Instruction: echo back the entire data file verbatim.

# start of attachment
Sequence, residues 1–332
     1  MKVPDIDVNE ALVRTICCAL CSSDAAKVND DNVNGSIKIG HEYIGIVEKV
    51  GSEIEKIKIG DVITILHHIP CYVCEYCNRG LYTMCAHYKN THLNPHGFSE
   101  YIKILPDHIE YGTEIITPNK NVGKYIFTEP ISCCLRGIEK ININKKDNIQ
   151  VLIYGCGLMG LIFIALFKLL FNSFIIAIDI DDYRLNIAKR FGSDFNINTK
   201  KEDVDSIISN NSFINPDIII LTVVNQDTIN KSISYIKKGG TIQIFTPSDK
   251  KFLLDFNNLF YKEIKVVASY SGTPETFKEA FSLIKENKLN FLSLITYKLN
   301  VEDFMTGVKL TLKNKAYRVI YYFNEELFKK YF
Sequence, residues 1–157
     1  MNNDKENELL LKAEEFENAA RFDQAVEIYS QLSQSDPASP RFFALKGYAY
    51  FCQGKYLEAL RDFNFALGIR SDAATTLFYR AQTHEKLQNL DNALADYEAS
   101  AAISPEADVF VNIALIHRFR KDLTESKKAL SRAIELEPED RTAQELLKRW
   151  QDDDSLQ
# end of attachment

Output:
Sequence, residues 1–332
     1  MKVPDIDVNE ALVRTICCAL CSSDAAKVND DNVNGSIKIG HEYIGIVEKV
    51  GSEIEKIKIG DVITILHHIP CYVCEYCNRG LYTMCAHYKN THLNPHGFSE
   101  YIKILPDHIE YGTEIITPNK NVGKYIFTEP ISCCLRGIEK ININKKDNIQ
   151  VLIYGCGLMG LIFIALFKLL FNSFIIAIDI DDYRLNIAKR FGSDFNINTK
   201  KEDVDSIISN NSFINPDIII LTVVNQDTIN KSISYIKKGG TIQIFTPSDK
   251  KFLLDFNNLF YKEIKVVASY SGTPETFKEA FSLIKENKLN FLSLITYKLN
   301  VEDFMTGVKL TLKNKAYRVI YYFNEELFKK YF
Sequence, residues 1–157
     1  MNNDKENELL LKAEEFENAA RFDQAVEIYS QLSQSDPASP RFFALKGYAY
    51  FCQGKYLEAL RDFNFALGIR SDAATTLFYR AQTHEKLQNL DNALADYEAS
   101  AAISPEADVF VNIALIHRFR KDLTESKKAL SRAIELEPED RTAQELLKRW
   151  QDDDSLQ